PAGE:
Sex and the Sea Slug

Padilla Bay National Estuarine Research Reserve. Taylor's Sea Slug, Phyllaplysia taylori, is common on blades of eelgrass (Zostera sp.) in low intertidal areas from Nanaimo, British Columbia to San Diego, California. The body is dorsoventrally flattened and from 25 to 45 cm long. Its color mimics Zostera, with a bright green base with brown-black and white spots.The sea slug, Aplysia. Now there's an expert on sex. Equipped with both male and female sex organs, this shell-less, subtidal mollusk lives alone most of the year. It loses its self-sufficiency, however, when the mating season comes around. In summer, sea slugs congregate in breeding colonies called (yes, it's true!) brothels. They crawl around and over one another, trading sperm.

The marvel of sea slug sex lies in how these virtually blind loners find each other for a few days annually. Their call to the brothel is neither sight nor sound, but a chemical compound called attractin. Released into water from egg-laying glands, attractin makes sea slugs irresistible to other sea slugs. Attractin is a pheromone. Pheromones are communication chemicals. They are released by one individual. They affect the behavior or body functions of another.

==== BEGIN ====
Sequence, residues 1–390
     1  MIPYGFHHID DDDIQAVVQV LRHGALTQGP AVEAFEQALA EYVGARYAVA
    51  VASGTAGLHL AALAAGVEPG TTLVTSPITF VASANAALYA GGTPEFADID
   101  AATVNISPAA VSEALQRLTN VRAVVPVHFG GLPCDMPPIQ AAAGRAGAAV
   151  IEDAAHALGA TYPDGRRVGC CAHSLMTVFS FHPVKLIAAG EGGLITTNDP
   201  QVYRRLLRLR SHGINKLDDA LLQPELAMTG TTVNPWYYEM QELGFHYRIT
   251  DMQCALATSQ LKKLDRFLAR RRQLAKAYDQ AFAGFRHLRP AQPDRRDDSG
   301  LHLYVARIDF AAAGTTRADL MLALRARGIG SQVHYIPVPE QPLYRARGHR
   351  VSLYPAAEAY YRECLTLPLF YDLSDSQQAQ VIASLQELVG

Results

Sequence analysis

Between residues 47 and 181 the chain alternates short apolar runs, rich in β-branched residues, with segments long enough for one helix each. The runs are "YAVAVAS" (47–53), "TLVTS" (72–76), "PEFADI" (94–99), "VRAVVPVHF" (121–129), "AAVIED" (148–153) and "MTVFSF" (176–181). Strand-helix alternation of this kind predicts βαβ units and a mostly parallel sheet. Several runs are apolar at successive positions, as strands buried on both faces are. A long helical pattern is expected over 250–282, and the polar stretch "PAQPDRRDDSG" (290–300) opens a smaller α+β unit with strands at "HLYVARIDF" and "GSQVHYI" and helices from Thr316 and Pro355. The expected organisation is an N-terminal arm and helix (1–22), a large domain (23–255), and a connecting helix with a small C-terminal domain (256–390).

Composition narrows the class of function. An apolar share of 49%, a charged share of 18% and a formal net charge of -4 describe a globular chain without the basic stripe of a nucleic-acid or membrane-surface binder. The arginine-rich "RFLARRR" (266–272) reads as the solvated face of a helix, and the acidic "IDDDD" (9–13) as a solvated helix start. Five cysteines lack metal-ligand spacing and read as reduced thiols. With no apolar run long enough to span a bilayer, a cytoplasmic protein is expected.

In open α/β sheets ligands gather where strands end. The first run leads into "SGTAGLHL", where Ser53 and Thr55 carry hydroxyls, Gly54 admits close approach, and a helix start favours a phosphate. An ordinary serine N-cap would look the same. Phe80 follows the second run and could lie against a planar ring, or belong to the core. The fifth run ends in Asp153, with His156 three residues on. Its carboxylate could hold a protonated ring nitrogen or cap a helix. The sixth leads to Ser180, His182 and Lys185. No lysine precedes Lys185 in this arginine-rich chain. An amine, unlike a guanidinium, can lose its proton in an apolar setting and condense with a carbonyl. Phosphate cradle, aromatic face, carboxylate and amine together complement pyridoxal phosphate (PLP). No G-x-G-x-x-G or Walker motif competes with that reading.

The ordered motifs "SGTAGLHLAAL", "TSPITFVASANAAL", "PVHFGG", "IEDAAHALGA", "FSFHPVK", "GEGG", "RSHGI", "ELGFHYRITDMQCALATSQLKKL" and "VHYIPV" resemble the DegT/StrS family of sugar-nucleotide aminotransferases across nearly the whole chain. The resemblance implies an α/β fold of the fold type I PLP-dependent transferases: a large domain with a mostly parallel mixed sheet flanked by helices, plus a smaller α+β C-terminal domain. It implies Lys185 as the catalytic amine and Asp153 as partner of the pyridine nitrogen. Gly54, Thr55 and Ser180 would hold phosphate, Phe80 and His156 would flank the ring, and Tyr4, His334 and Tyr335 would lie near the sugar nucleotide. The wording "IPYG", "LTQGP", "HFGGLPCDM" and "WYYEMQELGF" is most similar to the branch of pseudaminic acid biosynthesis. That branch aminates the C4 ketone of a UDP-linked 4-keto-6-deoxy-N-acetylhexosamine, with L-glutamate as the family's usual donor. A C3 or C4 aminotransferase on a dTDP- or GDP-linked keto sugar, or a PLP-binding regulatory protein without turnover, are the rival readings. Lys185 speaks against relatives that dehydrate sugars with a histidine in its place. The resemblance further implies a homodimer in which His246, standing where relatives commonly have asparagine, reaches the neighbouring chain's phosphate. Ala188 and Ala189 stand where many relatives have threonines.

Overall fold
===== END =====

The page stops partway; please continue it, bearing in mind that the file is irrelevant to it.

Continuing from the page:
All animals produce a 'cocktail of chemicals' that influence attraction, mating, or both. Humans are no exception. In 1986, researchers in Philadelphia collected sweat from men's underarms and dabbed it on the upper lips of women. The women reported smelling nothing but the alcohol that had been used to extract the 'eau de sweat.' After three months of this dabbing, however, those women who had experienced formerly irregular menstrual cycles became as predictable as the tides. The investigators concluded that some chemical released from the male body could control the timing of the female menstrual cycle.

About the Author

Faith Brynie, Ph D

Faith BrynieFaith Brynie holds a B.A. in Biology from West Virginia University and an M.A. and Ph.D in science curriculum and instruction from the University of Colorado. She writes books and articles on science and health topics for children, teens, and non-scientist adults. Some of her books have won awards, including two 'Best Book of the Year' citations from the American Association for the Advancement of Science.